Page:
TULSA, Oklahoma - About 4,000 women are killed each year because of domestic violence in the United States.

Most of those victims are killed while trying to leave.

A group in Tulsa is working on a way to save lives with a simple phone call.

It is called the Tulsa Rapid Response Team.  They work with a lot of agencies to keep victims safe and to hold abusers accountable.

Members of Tulsa's Rapid Response Team are calling domestic violence victims.

The team works to identify which domestic violence situations have the potential to turn deadly, where the victim could be killed by their abuser.

Caspian Green, from Domestic Violence Intervention Services, says "those conversations of preparation is just asking what they want to see happen, what do they need right now, where can we meet you at?"

If the victim wants help, the team can step in.

Suzann Stewart  is the Executive Director of Family Safety Center.  She says, "we want to make sure that the person who is the survivor of this understands where they are, what the potential is, how the relationship is moving forward, and then making sure that law enforcement and the DA, and all of these other agencies that work with the offenders, have information they need to be able to hold this person accountable."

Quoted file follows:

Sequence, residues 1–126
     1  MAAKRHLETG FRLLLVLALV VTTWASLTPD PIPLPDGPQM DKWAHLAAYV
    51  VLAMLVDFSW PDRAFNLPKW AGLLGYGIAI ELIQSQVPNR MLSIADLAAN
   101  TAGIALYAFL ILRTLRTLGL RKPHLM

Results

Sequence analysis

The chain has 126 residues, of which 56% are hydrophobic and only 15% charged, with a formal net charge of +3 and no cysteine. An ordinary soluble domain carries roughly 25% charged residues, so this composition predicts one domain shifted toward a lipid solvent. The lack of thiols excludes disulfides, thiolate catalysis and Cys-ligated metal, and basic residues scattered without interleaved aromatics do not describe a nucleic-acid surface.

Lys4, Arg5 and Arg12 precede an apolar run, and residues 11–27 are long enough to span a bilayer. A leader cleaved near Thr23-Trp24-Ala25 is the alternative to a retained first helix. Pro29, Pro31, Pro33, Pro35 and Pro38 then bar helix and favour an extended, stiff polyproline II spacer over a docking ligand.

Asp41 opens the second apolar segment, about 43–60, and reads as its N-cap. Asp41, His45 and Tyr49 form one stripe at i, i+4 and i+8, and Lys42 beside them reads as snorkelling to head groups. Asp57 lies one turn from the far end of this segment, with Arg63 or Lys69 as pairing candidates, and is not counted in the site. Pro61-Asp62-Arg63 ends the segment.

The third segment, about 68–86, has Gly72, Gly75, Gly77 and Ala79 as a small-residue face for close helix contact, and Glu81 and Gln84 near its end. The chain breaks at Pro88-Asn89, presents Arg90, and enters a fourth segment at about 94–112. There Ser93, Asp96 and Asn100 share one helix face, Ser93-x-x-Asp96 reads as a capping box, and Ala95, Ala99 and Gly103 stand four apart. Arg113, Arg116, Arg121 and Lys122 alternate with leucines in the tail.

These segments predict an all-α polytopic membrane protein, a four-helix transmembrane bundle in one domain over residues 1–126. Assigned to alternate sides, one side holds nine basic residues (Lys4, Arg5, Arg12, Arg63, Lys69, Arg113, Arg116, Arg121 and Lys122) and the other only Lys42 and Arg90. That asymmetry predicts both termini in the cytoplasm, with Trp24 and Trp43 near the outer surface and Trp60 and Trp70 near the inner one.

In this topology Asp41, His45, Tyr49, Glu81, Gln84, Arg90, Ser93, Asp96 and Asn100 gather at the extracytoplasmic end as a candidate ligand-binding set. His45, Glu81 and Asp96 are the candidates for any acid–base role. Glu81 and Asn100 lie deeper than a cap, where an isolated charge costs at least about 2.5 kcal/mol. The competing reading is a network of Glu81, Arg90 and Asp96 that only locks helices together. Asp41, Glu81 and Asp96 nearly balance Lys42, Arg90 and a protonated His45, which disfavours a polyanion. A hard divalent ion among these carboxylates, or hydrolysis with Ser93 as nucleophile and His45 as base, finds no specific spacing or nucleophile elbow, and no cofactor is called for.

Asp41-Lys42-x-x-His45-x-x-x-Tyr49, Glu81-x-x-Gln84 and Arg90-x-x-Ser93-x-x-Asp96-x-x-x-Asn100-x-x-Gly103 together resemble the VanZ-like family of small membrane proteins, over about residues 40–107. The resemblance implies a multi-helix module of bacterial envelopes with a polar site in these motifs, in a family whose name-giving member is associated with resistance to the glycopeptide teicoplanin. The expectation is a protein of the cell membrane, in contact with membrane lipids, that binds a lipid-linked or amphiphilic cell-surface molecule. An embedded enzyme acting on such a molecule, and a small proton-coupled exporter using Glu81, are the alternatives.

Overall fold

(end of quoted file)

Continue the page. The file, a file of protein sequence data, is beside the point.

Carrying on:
They say it's a tactic that is working to help combat Tulsa's rising domestic violence issues.

"The national statistic is 95% of domestic violence or intimate partner homicides occur when those victims have not accessed any services," said Stewart.  "If we can predict a homicide that is potentially going to happen, we can probably provide the resources to be able to prevent it."

>> Stewart says that in the 6 years the program has existed, not one of the victims the Rapid Response Team has worked with has been killed by their abuser.

"It's homicide prevention at it's finest," exclaimed Stewart.

The Rapid Response Team says they wish every victim would take advantage of their services, because it lowers their chances of being killed.